Vaping and health risks – What you need to know

Vaping ban enacted in South Carolina school district as health concerns rise

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Horry County Schools implemented a new policy mandating an automatic suspension of up to five days for students caught vaping at school, according to WMBF-TV.

The district’s previous policy called for a two-day in-school suspension.

The increased punishment comes after administrators voiced concerns about vaping by high school students and even middle schoolers, WMBF reported.

“Vaping has really become popular within the last few years and it’s become quite an issue and a distraction to our students and to the learning environment,” Horry County Schools spokesperson Lisa Bourcier told the news station.

“We had some infractions in place for that, but we have received feedback from our school administrators that the blatant use of that needs some stricter infractions," she said.

The American Lung Association has said it is “very troubled by the evolving evidence about the impact of e-cigarettes on lungs,” CNN reported. The organization said research shows that main vape ingredients might harm cells or contain “dangerous chemicals” that can cause lung and cardiovascular disease.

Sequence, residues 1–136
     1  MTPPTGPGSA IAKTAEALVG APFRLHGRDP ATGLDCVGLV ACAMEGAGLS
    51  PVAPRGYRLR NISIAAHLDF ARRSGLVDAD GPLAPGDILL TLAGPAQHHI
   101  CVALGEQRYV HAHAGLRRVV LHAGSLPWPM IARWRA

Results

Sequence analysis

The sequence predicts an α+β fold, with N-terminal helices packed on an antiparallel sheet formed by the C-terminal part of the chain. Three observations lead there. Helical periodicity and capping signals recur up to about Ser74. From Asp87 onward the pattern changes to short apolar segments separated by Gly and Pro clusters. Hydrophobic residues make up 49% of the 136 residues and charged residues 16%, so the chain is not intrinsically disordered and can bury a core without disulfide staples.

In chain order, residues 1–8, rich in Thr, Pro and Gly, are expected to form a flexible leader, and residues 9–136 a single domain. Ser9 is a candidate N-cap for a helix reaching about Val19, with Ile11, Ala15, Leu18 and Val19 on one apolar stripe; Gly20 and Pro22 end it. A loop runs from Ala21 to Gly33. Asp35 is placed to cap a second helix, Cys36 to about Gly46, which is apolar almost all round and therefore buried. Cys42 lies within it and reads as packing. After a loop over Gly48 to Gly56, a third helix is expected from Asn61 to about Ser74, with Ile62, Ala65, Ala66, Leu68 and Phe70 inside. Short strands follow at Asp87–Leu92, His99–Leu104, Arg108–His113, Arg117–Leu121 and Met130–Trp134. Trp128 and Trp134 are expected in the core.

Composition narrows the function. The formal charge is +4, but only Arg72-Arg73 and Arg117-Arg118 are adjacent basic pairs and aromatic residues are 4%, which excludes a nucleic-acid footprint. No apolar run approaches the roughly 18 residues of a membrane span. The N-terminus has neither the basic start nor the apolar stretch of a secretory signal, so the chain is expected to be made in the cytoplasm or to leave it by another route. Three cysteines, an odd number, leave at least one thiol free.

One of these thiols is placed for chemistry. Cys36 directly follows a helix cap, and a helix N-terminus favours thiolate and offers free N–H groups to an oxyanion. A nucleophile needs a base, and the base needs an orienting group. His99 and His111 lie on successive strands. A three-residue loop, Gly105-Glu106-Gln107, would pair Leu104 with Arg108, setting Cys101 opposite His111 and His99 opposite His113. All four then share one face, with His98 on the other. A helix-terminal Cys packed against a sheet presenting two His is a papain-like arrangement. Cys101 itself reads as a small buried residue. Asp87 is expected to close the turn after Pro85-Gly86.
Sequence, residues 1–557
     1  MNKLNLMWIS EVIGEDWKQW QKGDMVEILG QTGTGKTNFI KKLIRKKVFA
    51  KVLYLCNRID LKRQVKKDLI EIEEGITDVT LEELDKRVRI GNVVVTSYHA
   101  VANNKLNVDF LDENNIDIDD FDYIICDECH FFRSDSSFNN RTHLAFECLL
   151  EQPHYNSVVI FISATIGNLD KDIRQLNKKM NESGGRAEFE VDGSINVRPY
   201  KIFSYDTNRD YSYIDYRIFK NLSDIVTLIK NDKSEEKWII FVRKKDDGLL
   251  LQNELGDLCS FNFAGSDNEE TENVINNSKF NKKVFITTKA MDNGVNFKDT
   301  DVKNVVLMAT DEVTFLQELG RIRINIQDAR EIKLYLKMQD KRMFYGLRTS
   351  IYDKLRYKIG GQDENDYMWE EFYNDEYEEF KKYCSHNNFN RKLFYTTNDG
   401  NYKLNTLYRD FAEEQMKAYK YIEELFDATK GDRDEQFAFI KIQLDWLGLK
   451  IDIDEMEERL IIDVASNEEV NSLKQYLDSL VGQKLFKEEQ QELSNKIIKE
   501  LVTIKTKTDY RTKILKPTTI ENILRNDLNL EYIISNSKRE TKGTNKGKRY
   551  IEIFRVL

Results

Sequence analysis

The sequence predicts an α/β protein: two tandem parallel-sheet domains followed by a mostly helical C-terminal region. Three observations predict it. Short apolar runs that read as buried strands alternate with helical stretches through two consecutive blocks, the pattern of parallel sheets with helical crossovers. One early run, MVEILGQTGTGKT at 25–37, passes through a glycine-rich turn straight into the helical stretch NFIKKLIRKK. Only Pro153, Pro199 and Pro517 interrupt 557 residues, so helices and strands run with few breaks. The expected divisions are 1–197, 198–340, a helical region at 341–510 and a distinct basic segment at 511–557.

The prevention director at Shoreline Behavioral Health Services, Jessie Marlowe, told WMBF that the long-term effects of vaping are still unknown.

“We had actually seen a decline for a little while on tobacco use among youth until we started seeing vaping, Marlow said. 

“We’ve seen a huge increase in youth in our county using vaping-style products, whether it’s cigarettes or vape pens," she said. 

Since late July, 14 teenagers in two states have been hospitalized with severe lung disease and breathing problems possibly linked to vaping.

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